The field of education is constantly shifting, and student affairs graduate programs—sometimes referred to as student development graduate programs—may help professionals respond to those shifts. More specifically, graduate programs in this area may help professionals pursue positions in advising, counseling, management, administration, and other areas through which they can respond to students and administrations’ needs. Those needs—academic, personal, professional, and social from the perspective of the student affairs professional—may shift regularly as education’s politics, and structures shift. Professionals in this field may need to be prepared to respond to them. Student Affairs Graduate Programs helps professionals gain the tools and capacities they need to do so.
What is Student Affairs?
Student affairs is the collective of people and departments that create programming and provide services that promote student growth and development. Some areas of student affairs include advising, counseling, management, and administration. Within those areas are departments (typically) such as admissions, financial aid, counseling centers, advising centers, student activities, residence life, advocacy and support services, and developmental learning services. These are just some of the many areas and departments that may be housed in student affairs.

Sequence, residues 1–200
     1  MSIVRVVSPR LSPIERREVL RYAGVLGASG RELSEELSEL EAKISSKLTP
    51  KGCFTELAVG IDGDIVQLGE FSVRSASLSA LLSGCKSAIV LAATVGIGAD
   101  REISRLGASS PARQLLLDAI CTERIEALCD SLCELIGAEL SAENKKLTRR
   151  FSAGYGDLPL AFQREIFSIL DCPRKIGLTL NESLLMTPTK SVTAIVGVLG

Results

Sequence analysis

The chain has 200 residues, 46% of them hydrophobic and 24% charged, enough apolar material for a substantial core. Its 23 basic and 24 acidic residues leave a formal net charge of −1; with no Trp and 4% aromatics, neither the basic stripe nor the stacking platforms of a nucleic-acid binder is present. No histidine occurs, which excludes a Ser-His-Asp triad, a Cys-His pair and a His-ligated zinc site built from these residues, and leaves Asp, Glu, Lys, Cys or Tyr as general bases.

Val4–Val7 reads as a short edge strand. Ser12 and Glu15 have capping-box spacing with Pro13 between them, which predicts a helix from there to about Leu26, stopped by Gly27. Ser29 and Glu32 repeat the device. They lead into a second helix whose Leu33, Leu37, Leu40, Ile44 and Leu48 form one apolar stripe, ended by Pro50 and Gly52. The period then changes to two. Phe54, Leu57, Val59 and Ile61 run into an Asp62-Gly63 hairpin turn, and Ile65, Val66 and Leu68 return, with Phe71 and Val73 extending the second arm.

Student affairs is typically designed to serve students while providing programming and services consistent with the mission of the school for which they work. Professionals in the field may have their eyes on providing support that promotes students’ intellectual, social, emotional, and even spiritual or psychological growth and development on campus and beyond. They often strive to create a campus experience—both for the individual and collective—that is inclusive, safe, and allows for effective education both in and out of the classroom. They may also manage the administrative components of the students’ experience (financial aid, admissions, and records, for example) that, when handled smoothly, promote student success.
Professionals who have a graduate certificate or degree in student affairs often work as leaders or supervisors in the field (though not always) and may act as leaders, educators, trainers, counselors, advisors, planners, program developers, researchers, conflict negotiators, and in numerous other capacities. They often focus on social justice, effective communication, sound policy, and action that supports and promotes student success.